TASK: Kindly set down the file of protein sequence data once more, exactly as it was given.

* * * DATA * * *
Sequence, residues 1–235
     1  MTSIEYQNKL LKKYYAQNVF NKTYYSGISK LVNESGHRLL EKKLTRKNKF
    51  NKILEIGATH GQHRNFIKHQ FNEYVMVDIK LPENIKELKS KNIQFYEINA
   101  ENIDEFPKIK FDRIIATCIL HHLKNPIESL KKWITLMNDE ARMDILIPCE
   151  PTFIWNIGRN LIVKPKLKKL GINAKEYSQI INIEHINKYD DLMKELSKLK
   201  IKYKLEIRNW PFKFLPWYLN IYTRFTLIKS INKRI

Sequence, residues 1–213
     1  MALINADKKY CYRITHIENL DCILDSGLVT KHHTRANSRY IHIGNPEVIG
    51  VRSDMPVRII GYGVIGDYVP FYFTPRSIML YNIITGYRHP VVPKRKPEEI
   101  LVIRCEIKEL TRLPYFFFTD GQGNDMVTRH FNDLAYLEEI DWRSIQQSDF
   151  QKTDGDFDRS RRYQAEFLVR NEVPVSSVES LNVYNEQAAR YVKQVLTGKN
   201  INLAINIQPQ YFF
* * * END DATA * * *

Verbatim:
Sequence, residues 1–235
     1  MTSIEYQNKL LKKYYAQNVF NKTYYSGISK LVNESGHRLL EKKLTRKNKF
    51  NKILEIGATH GQHRNFIKHQ FNEYVMVDIK LPENIKELKS KNIQFYEINA
   101  ENIDEFPKIK FDRIIATCIL HHLKNPIESL KKWITLMNDE ARMDILIPCE
   151  PTFIWNIGRN LIVKPKLKKL GINAKEYSQI INIEHINKYD DLMKELSKLK
   201  IKYKLEIRNW PFKFLPWYLN IYTRFTLIKS INKRI

Sequence, residues 1–213
     1  MALINADKKY CYRITHIENL DCILDSGLVT KHHTRANSRY IHIGNPEVIG
    51  VRSDMPVRII GYGVIGDYVP FYFTPRSIML YNIITGYRHP VVPKRKPEEI
   101  LVIRCEIKEL TRLPYFFFTD GQGNDMVTRH FNDLAYLEEI DWRSIQQSDF
   151  QKTDGDFDRS RRYQAEFLVR NEVPVSSVES LNVYNEQAAR YVKQVLTGKN
   201  INLAINIQPQ YFF